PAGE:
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9*8. XI. MARCH 21, 1903.] NOTES AND QUERIES.


227


1 Tales and Quicke Answeres,' " Of the olde man that put himselfe in his sonnes handes."

A. COLLINGWOOD LEE.

BETTY OR BETTEE. In the 'H.E.D.' very little is told us about the word betty, mean- ing a wine-flask, the only quotation for it being of the year 1725, while no measure for it is suggested, and we are asked if it was in use only in the United States. In ' A New Guide to the English Tongue,' by Thomas Dilworth, one finds at the beginning of Part II. ' A Table of Words, the same in Sound, but different in Spelling and Signification,' which includes " Bettee, a Pint Flask of Wine." Of this book the Bodleian Library possesses three editions: one without title-page, and otherwise undat- able, but seemingly the oldest of the three ; then "The Fifty-fourth Edition" (London, 1793); and thirdly "A new edition," published at London, without date, but apparently after 1793. In the two earlier of the editions the author's dedication bears date " Wapping School, June 14, 1740." We may presume, therefore, that bettee, as the name of a pint bottle, was familiar in England throughout the eighteenth century. The 'H.E.D. sug- gests that the name Eliza or Elizabeth may be considered to be the etymon of this word. But, as I believe that " By Jingo" came into English from Bask sailors and soldiers in the sixteenth and seventeenth centuries, so I would suggest that here we have bottled another bit of Baskish. A Bask will say to his companion who is drinking with him 41 Bete ! " in t he sense of " Fill up (your glass) ! " For betJ or bethd (pronounced bet-hay) means JUL filled jull.

I am told by Dr. Hardin Craig, of Prince- ton University, that the people of the United States use the term " black betty " as the name of a certain kind of bottle, and associate it with the diminutive of Elizabeth. Ono may therefore regard the name as corre- lative to "black-jack," the old English name for a leathern beer-jug. E. S. DODGSON.

" MAIZE.' In his valuable and suggestive 'Notes on English Etymology,' 1901, Prof. Skeat sums up all that was known of the history of this term by saying that it is "from some one of the languages of Hayti.'" There can be no question of the truth of this and I have lately come upon evidence which enables me to state positively that the language is Arawak, and that the fullest form of the native name is that used by the Arawaks of the mainland, viz., marisi. My authority is Brinton's interesting, but little- known booklet, ' The Arawak Language o1 Guiana,' published in 1871. The letter r in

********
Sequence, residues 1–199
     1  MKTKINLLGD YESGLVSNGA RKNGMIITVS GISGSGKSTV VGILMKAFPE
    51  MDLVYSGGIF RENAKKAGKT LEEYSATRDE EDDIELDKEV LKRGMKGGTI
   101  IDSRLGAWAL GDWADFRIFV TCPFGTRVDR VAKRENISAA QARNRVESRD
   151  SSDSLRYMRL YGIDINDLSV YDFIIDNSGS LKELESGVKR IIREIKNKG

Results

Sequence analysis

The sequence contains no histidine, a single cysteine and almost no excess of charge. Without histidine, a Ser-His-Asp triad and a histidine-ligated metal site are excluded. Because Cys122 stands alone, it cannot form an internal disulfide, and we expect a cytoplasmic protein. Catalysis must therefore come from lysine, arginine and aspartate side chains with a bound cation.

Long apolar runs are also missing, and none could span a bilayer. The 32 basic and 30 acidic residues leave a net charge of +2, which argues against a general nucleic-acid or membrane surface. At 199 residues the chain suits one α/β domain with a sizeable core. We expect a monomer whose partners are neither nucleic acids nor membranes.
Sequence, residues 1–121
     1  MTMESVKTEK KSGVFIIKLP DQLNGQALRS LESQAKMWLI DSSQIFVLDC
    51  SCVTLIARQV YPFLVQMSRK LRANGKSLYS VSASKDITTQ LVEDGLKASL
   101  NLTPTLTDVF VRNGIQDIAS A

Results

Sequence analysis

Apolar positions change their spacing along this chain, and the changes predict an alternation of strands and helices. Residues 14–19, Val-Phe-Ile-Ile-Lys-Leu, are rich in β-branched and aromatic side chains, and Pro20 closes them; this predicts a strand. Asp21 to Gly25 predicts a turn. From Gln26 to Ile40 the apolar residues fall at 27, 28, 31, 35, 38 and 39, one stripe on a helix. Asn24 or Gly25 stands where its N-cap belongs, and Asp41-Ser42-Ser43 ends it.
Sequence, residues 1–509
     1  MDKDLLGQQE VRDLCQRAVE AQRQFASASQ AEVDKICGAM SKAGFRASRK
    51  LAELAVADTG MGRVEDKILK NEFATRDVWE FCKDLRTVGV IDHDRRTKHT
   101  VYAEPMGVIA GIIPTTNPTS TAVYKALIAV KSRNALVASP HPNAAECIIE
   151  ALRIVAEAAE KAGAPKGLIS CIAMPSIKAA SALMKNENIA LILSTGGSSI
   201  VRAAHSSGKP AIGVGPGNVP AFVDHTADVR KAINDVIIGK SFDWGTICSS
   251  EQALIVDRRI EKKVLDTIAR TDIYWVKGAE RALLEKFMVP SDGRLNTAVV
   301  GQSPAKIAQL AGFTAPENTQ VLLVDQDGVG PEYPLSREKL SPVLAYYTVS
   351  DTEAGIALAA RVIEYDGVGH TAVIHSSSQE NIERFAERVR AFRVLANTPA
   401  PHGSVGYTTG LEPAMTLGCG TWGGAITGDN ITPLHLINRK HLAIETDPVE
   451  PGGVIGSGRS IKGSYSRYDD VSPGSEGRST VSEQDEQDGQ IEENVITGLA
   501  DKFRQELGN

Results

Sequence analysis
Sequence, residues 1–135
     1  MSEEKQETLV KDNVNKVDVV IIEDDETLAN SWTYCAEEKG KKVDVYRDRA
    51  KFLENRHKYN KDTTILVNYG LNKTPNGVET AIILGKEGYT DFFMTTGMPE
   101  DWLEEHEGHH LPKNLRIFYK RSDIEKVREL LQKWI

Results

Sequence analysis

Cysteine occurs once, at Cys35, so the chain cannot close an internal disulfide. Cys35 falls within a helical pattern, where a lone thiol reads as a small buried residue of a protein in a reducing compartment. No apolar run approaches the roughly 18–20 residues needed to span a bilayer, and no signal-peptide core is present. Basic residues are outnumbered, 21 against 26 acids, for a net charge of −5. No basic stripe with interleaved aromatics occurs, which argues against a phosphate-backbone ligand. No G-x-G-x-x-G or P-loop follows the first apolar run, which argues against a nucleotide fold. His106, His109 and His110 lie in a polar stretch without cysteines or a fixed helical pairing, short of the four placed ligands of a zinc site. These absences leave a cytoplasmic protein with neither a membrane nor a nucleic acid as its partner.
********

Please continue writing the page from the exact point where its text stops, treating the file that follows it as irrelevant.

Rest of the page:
American dialects appears to have always Deen a very unstable sound. It interchanged with I and n, as in the variants Caliban, cannibal, Carib ; and in the particular case we are discussing it seems to have disap- peared altogether in the Arawak spoken in ihe islands of Hayti and Cuba. The index to the 1851 edition of Oviedo here gives us a valuable bit of confirmatory evidence, n recording that " los Indios de Cuba parecian pronunciar maisi 6 majisi." In }ther words, the marisi of Guiana becomes n Cuba maisi, whence the maizium of Eden and other old authors. JAS. PLATT, Jun.


tifcrtits,

WE must request correspondents desiring infor- mation on family matters of only private interest bo affix their names and addresses to their queries, in orderthat the answers maybe addressed to them direct.

RECUSANT WYKEHAMISTS. 1. The identifica- tion of the Thomas Butler, LL.D., who wrote the treatise on the Mass mentioned inStrype's

  • Parker,' 477, and Ames's 'Typ. Ant.,' iii. 1627,

with the Thomas Butler who took his B.A. at Cambridge in 1548 seems to be merely con- jectural. From Cooper's ' Ath. Cantab.' it has found its way into the ' D.N.B.,' viii. 79, and Gillow, i. 366. I venture to submit the real author was Thomas Butler, admitted to Winchester College in 1546, who took the degree of LL.D. at Oxford, and was expelled from his New College Fellowship for recusancy, as Wood records * Hist, and Ant.' (ed. Gutch) vol. ii. p. 144.

2. Mr. Kirby, in his ' Winchester Scholars, says of William Wygge, Fellow of New Col- lege 1577 to 1585, that he was a Papist executed at Kingston on 1 October, 1588. The late Father Law in his Calendar recog- nizes a person of that name as suffering at that place and date, but if Mr. Foster's ' Alumni Oxonienses ' is correct, it cannot have been the Wykehamist, for that authority states him to have been rector of Faccombe, Hants, in 1595. Wood, in his * Fasti,' under date 1582 says: "One Will. Wygge, some- times called Way, was executed for being a seminary and denying the oath of supremacy at Kingston in Surrey on the first day of October, 1588. Whether the same with him who was M of A [i.e. the Wykehamist] I know not." Challoner says of William Way that he was born in Cornwall, educated at Rheims, sent on the mission in 1586, and executed at Kingston in 1588 "some say on the 1st of October, but the bishop of Chalcedon'a cat*-